Peter Ward: Mass Extinction
Asteroid strikes get all the coverage, but “Medea Hypothesis” author Peter Ward argues that most of Earth’s mass extinctions were caused by lowly bacteria. The culprit, a poison called hydrogen sulfide, may have an interesting application in medicine.
Peter Douglas Ward is a paleontologist and professor of Biology and of Earth and Space Sciences at the University of Washington, Seattle, and has written popular science works for a general audience. He is also an adviser to the Microbes Mind Forum.¬†http://en.wikipedia.org/wiki/Peter_Ward_(paleontologist)
Green sulfur bacteria
Oceanic anoxic events¬†or¬†anoxic events¬†occur when the¬†Earth‘s¬†oceans¬†become completely depleted of¬†oxygen (O2)¬†below the surface levels. Although anoxic events have not happened for millions of years, the geological record shows that they happened many times in the past. Anoxic events may have caused¬†mass extinctions.¬†These mass extinctions were so characteristic, they include some that¬†geobiologists¬†use as¬†time markers¬†in¬†biostratigraphic¬†dating. It is believed¬†oceanic anoxic events are strongly linked to lapses in key oceanic current circulations, to climate warming and¬†greenhouse gases.
The second hypothesis suggests that oceanic anoxic events record a major change in the fertility of the oceans that resulted in an increase in organic-walled plankton (including bacteria) at the expense of calcareous plankton such as¬†coccoliths¬†and¬†foraminifera.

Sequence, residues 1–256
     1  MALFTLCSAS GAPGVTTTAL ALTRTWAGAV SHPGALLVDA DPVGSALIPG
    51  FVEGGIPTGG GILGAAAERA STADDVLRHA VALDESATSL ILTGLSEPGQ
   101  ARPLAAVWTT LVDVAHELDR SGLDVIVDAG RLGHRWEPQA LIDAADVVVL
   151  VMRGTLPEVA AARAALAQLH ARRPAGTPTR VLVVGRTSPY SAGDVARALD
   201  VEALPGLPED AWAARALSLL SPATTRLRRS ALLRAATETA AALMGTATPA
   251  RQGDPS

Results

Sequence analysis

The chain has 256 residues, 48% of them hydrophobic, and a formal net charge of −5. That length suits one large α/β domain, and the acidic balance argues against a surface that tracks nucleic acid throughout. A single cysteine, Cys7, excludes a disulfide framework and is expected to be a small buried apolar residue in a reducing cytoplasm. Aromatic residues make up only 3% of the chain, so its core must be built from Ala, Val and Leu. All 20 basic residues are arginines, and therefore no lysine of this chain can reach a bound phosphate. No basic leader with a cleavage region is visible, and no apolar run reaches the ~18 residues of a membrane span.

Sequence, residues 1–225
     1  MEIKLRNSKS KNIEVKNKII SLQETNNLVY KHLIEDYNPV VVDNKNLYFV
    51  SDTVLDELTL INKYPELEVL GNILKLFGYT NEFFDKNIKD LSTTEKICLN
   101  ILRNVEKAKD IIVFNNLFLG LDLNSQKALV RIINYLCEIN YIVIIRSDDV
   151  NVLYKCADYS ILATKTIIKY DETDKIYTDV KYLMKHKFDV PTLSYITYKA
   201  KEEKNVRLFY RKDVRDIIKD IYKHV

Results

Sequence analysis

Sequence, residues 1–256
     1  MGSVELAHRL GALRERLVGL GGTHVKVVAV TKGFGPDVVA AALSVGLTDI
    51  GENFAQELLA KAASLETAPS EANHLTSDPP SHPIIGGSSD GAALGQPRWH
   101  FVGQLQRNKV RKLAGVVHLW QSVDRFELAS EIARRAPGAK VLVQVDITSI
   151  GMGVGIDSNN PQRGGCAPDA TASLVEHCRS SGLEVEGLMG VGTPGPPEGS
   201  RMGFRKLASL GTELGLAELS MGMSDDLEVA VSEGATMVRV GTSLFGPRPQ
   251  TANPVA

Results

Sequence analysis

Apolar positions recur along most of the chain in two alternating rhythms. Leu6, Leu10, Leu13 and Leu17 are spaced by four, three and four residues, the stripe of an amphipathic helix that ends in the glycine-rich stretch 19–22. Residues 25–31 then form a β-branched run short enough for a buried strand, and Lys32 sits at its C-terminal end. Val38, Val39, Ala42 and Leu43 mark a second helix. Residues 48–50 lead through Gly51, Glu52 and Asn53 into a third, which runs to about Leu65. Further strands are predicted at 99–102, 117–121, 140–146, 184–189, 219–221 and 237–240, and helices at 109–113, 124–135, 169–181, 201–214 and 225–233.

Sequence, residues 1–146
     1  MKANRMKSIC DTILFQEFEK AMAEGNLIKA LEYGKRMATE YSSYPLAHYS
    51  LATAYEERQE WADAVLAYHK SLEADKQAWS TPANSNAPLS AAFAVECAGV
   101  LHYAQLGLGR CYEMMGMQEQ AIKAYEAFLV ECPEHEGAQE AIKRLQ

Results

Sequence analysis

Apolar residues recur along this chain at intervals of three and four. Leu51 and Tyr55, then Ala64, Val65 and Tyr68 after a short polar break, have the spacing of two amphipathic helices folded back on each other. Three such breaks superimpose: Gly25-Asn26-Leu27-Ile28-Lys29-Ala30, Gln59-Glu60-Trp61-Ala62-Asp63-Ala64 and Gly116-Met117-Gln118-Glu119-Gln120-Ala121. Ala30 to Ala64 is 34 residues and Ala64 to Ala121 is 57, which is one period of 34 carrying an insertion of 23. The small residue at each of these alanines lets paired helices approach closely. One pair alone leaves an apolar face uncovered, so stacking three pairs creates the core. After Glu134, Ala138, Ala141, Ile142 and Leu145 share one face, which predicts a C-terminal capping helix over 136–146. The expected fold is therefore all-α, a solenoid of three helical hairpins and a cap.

Such an accelerated flux of organic matter would have expanded and intensified the¬†oxygen minimum zone, further enhancing the amount of organic carbon entering the sedimentary record. Essentially this mechanism assumes a major increase in the availability of dissolved nutrients such as nitrate, phosphate and possibly iron to the phytoplankton population living in the illuminated layers of the oceans.
For such an increase to occur would have required an accelerated influx of land-derived nutrients coupled with vigorous¬†upwelling, requiring major climate change on a global scale. Geochemical data from oxygen-isotope¬†ratios in carbonate sediments and fossils, and magnesium/calcium ratios in fossils, indicate that all major oceanic anoxic events were associated with thermal maxima, making it likely that global weathering rates, and nutrient flux to the oceans, were increased during these intervals. Indeed, the reduced solubility of oxygen would lead to phosphate release, further nourishing the ocean and fuelling high productivity, hence a high oxygen demand – sustaining the event through a positive feedback.
Here is another way of looking at oceanic anoxic events. Assume that the earth releases a huge volume of carbon dioxide during an interval of excessive volcanism; global temperatures rise due to the¬†greenhouse effect; global weathering rates and fluvial nutrient flux increase; organic productivity in the oceans increases; organic-carbon burial in the oceans increases (OAE begins); carbon dioxide is drawn down (inverse greenhouse effect); global temperatures fall, and the ocean‚Äďatmosphere system returns to equilibrium (OAE ends).
In this way, an oceanic anoxic event can be viewed as the Earth‚Äôs response to the injection of excess carbon dioxide into the atmosphere and¬†hydrosphere. One test of this notion is to look at the age of¬†large igneous provinces¬†(LIPs), the extrusion of which would presumably have been accompanied by rapid effusion of vast quantities of volcanogenic gases such as carbon dioxide. Intriguingly, the age of three LIPs (Karoo-Ferrar¬†flood basalt,¬†Caribbean large igneous province,¬†Ontong Java Plateau) correlates uncannily well with that of the major¬†Jurassic¬†(early Toarcian) and Cretaceous (early Aptian and Cenomanian‚ÄďTuronian) oceanic anoxic events, indicating that a causal link is feasible.